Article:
# Brownian level sets and continuous functions

Let $$V_t$$ and $$W_t$$ be independent standard Wiener processes ($$t\ge 0$$, $$W_t,V_t\in\mathbb R$$).

Let $$C$$ be the event that there is a continuous function $$f$$ such that for all $$s$$, $$t$$, $$W_t=W_s\iff V_{f(t)}=V_{f(s)}.$$ Does $$C$$ have probability 0?

(The question arose in connection with a question by Noah Schweber.)

Call two sequences $$(a_n)$$ and $$(b_n)$$ tail-equivalent if there are $$p$$ and $$q$$ such that $$a_{p+n} = b_{q+n}$$ for every $$n \geqslant 0$$. Write $$W(t)$$ rather than $$W_t$$.

Suppose that $$f$$ with the desired property exists, that both $$W(t)$$ and $$V(t)$$ take every real value, and that $$V(t)$$ is not monotone on any interval (which, of course, happens with probability one). The argument is divided into a number of steps.

1. For some one-to-one function $$\phi$$, we have $$V(f(t)) = \phi(W(t)) .$$ Indeed: for every $$x$$ find an arbitrary $$T(x)$$ such that $$W(T(x)) = x$$, and set $$\phi(x) = V(f(T(x))$$. Then $$V(f(t)) = \phi(x)$$ if and only if $$V(f(t)) = V(f(T(x)))$$, that is, $$W(t) = W(T(x))$$, that is, $$W(t) = x$$.

2. The function $$\phi$$ is in fact strictly monotone. Indeed: for a given $$x \in \mathbb{R}$$, there is $$T(x) \geqslant 0$$ such that $$W(T(x)) = x$$ and for every neighbourhood $$I$$ of $$T(x)$$, the set $$W(I)$$ contains a right neighbourhood of $$x$$. Thus, $$\limsup_{y \to x} \phi(y) \leqslant \limsup_{t \to T(x)} \phi(W(t)) = \limsup_{t \to T(x)} V(f(t)) = V(f(T(x))) = \phi(W(T(x))) = x$$. A similar argument shows that $$\liminf_{y \to x} \phi(y) \geqslant \phi(x)$$. Thus, $$\phi$$ is continuous at $$x$$. Since $$x$$ is arbitrary, $$\phi$$ is continuous, and hence (being one-to-one) strictly monotone.

3. With no loss of generality we assume $$\phi$$ is strictly increasing. The other case is dealt with in a similar manner.

4. Denote $$I(t) = \inf_{s \in [0, t]} W(s)$$ and $$M(t) = \sup_{s \in [0, t]} W(s)$$. Let $$T_0 > 0$$ be chosen arbitrarily (e.g. $$T_0 = 1$$), and define $$T_{2n+1} = \inf\{t > T_{2n} : W(t) < I(T_{2n})\}$$ and $$T_{2n+2} = \inf\{t > T_{2n+1} : W(t) > M(T_{2n+1})\}$$ In other words $$T_{2n+1}$$ is the first time $$W(t)$$ exceeds its current infimum after $$T_{2n}$$, and $$T_{2n+2}$$ is the first time $$W(t)$$ exceeds its current supremum after $$T_{2n+1}$$. Then $$T_n$$, $$W(T_{2n})$$ and $$-W(T_{2n+1})$$ all go to infinity as $$n \to \infty$$. (It is good to make a picture here.)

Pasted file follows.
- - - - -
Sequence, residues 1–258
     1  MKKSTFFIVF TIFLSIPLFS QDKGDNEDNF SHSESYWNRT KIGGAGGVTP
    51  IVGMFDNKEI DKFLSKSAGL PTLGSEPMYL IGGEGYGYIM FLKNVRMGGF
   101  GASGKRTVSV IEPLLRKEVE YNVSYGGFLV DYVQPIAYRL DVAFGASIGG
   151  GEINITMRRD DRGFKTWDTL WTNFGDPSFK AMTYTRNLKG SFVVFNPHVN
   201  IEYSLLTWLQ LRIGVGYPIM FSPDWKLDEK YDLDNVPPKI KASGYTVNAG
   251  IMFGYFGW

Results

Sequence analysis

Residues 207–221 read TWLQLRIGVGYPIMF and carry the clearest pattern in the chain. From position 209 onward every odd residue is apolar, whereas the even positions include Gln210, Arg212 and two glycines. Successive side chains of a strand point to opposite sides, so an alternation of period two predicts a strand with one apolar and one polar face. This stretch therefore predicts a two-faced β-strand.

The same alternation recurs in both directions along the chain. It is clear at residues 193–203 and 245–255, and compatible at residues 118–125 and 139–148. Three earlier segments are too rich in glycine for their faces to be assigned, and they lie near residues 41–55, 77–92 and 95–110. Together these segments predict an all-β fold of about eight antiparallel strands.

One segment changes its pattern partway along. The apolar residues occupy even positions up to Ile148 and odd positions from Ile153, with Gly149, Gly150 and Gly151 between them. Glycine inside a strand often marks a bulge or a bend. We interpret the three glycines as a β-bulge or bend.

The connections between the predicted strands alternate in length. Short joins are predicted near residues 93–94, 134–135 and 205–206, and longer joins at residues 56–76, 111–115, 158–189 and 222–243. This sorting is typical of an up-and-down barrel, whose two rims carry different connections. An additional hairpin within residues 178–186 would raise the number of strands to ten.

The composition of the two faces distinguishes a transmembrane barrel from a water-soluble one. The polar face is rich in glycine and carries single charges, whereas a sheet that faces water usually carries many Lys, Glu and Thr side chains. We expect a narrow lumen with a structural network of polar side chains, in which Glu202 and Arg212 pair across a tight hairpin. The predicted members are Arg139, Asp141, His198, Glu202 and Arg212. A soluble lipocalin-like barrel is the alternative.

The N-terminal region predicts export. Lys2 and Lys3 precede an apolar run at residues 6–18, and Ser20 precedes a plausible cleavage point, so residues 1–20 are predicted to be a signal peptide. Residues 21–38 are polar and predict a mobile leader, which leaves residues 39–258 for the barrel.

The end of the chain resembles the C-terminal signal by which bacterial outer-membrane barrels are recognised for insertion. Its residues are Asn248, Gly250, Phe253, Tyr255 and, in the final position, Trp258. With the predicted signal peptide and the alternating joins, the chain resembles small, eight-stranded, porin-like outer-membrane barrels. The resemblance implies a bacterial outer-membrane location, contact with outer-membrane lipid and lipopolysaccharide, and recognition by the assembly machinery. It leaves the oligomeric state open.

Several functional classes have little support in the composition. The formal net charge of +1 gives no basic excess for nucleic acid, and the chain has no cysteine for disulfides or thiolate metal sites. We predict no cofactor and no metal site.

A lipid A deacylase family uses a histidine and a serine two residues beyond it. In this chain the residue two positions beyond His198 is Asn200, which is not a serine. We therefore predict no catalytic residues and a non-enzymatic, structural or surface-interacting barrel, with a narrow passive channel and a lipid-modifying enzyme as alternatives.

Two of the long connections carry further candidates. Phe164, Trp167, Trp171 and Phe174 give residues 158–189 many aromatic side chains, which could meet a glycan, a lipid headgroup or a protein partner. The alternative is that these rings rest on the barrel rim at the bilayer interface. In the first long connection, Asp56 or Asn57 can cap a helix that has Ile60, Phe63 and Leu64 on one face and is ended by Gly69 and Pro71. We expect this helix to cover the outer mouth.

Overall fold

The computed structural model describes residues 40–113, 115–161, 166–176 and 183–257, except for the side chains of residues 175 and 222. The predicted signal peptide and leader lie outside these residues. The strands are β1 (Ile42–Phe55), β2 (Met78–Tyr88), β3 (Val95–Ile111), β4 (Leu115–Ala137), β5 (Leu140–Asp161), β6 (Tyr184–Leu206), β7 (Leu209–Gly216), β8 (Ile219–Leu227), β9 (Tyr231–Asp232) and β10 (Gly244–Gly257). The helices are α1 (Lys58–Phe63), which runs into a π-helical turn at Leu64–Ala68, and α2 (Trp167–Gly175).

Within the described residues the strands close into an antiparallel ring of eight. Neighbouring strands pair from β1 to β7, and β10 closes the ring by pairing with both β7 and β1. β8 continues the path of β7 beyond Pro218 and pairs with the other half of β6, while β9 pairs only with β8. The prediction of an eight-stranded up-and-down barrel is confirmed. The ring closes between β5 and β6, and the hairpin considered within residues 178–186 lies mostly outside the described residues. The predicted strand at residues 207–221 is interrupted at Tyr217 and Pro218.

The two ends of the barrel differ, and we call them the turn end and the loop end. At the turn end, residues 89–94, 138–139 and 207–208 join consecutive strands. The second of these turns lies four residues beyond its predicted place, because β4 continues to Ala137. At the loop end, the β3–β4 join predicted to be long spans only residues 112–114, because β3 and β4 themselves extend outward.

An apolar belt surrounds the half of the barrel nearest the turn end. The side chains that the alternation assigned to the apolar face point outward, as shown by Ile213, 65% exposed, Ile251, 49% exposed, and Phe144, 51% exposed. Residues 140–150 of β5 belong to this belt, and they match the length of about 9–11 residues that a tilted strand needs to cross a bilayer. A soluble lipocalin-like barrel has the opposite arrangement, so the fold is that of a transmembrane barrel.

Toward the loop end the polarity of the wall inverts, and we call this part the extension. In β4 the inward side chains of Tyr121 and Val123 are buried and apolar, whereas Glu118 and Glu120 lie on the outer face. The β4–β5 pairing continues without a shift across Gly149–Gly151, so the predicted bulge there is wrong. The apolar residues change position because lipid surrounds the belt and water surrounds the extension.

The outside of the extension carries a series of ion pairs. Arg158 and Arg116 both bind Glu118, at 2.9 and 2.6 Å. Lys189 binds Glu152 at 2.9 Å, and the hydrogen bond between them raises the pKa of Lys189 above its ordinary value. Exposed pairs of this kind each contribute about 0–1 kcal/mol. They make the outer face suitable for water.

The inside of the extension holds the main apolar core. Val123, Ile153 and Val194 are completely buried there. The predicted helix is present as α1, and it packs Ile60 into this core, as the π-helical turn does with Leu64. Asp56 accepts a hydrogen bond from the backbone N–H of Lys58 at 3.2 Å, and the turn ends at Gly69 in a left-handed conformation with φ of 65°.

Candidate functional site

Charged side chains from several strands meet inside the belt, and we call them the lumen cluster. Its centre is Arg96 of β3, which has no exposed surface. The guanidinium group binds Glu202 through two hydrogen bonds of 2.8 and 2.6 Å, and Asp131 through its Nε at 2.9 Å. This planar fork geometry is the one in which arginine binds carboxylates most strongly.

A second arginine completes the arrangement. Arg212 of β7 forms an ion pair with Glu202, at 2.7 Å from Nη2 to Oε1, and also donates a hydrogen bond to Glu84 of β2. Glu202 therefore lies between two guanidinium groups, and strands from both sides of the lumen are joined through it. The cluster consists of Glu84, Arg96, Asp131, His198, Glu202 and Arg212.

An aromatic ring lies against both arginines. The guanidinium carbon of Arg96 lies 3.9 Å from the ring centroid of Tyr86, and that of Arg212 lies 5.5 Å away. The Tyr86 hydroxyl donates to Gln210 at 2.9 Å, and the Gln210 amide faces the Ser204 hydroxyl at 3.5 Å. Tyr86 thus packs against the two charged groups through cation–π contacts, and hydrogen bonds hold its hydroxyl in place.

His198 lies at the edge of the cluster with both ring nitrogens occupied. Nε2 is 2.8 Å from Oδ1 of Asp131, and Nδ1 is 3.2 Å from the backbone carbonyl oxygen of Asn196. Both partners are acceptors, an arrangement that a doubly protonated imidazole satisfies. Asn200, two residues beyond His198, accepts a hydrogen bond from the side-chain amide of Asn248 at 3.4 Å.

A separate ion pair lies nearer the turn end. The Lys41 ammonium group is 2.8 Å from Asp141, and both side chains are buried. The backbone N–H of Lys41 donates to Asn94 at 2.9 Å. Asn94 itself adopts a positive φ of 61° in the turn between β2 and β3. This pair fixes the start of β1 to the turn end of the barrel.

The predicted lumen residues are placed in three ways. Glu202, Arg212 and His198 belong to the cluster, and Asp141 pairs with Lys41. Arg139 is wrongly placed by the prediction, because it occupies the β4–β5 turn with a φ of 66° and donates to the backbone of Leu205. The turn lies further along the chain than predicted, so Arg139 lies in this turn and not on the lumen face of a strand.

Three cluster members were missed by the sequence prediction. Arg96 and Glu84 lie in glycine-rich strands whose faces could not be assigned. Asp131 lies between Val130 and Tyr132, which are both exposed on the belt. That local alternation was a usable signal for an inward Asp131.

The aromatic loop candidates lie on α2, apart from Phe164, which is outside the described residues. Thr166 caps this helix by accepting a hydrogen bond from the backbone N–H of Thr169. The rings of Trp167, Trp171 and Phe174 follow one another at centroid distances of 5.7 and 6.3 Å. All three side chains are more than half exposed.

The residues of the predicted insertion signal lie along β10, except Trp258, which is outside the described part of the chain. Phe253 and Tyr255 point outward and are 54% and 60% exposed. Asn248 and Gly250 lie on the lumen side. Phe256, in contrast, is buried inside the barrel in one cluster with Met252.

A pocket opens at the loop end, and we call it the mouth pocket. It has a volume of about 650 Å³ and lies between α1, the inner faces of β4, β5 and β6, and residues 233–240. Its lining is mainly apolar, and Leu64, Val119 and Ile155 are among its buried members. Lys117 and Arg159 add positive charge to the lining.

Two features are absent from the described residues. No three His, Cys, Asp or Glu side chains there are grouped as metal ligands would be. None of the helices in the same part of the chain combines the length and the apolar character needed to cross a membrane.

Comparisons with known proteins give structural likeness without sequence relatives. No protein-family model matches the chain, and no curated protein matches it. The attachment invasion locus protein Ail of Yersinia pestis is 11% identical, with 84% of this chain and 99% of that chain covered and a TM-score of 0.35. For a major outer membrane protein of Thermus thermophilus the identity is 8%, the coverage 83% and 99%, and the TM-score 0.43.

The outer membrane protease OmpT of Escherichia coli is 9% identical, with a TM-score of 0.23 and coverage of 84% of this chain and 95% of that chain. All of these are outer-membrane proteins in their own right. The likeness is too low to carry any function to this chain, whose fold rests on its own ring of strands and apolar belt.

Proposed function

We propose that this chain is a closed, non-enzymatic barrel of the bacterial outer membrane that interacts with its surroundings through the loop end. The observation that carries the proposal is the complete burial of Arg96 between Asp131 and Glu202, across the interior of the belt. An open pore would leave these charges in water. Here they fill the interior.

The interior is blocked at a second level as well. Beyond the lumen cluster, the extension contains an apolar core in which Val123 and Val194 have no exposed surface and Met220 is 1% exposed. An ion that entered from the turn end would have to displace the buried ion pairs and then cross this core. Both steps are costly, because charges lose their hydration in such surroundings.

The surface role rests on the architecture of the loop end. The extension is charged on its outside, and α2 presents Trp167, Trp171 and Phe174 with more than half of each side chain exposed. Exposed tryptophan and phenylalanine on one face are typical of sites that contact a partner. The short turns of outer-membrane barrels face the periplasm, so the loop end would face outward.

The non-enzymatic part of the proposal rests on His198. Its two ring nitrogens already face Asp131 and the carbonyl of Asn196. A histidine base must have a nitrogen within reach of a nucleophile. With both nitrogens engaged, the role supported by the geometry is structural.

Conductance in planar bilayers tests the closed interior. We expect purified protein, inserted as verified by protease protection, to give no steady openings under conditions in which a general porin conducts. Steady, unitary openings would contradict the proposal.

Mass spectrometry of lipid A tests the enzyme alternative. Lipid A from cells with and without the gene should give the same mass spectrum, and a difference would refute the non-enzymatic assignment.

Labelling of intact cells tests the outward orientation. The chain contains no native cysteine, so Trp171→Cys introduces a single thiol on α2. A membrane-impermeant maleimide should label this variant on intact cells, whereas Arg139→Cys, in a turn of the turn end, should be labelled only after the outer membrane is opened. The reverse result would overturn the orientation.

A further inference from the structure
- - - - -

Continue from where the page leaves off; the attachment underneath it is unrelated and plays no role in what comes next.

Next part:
5. The tail-equivalence class of $$(T_n)$$ does not depend on $$T_0$$. Indeed: suppose that $$T_0' > T_0$$ and $$T_n'$$ is defined in a similar way as $$T_n$$, but with $$T_0$$ replaced by $$T_0'$$. Clearly, $$T_0' \in [T_{2n}, T_{2n+2})$$ for some $$n$$. If $$T_0' < T_{2n+1}$$, then $$T_1' = T_{2n+1}$$ and consequently $$T_k' = T_{2n+k}$$ for $$k > 0$$. If $$T_0' \geqslant T_{2n+1}$$, then either $$T_1' \in [T_{2n+1}, T_{2n+2})$$ and consequently $$T_k' = T_{2n+k}$$ for $$k > 1$$, or $$T_1' \in [T_{2n+3}, T_{2n+4})$$, and consequently $$T_k' = T_{2n+2+k}$$ for $$k > 1$$. (Looking at a picture helps a lot here.) Either way, $$T_n$$ and $$T_n'$$ are tail-equivalent.

6. Recall that $$W(t)$$ exceeds its past supremum at $$T_{2n}$$; that is, there is a sequence $$\epsilon_k > 0$$ convergent to zero, such that $$X(T_{2n} + \epsilon_k) > M(T_{2n})$$ for every $$k$$. Therefore, $$f(T_{2n} + \epsilon_k) \notin f([0, T_{2n}])$$. This means that $$f(T_{2n})$$ is one of the endpoints of $$f([0, T_{2n})$$. A similar argument shows that $$f(T_{2n+1})$$ is one of the endpoints of $$f([0, T_{2n+1}])$$.

7. For the next few items, suppose that $$\phi$$ is unbounded both from below and from above. Choose $$n$$ large enough, so that $$\phi(W(T_{2n})) > \sup_{s \in [0, f(0)]} V(s), \qquad \phi(W(T_{2n+1})) < \inf_{s \in [0, f(0)]} V(s).$$ By item 6, $$f(T_{2n})$$ is one of the endpoints of $$f([0, T_{2n}])$$, and by the above condition, $$f(T_{2n})$$ does not belong to $$[0, f(0)]$$. Therefore, $$f(T_{2n})$$ is the right endpoint of $$f([0, T_{2n}])$$. Similarly, $$f(T_{2n+1})$$ is the right endpoint of $$f([0, T_{2n}])$$. This means that $$f(T_n)$$ is eventually non-decreasing, and for $$n$$ large enough, $$f(T_{2n})$$ is the first time $$V(s)$$ exceeds its past supremum after $$f(T_{2n-1})$$, and $$f(T_{2n+1})$$ is the first time $$V(s)$$ exceeds its past infimum after $$f(T_{2n})$$.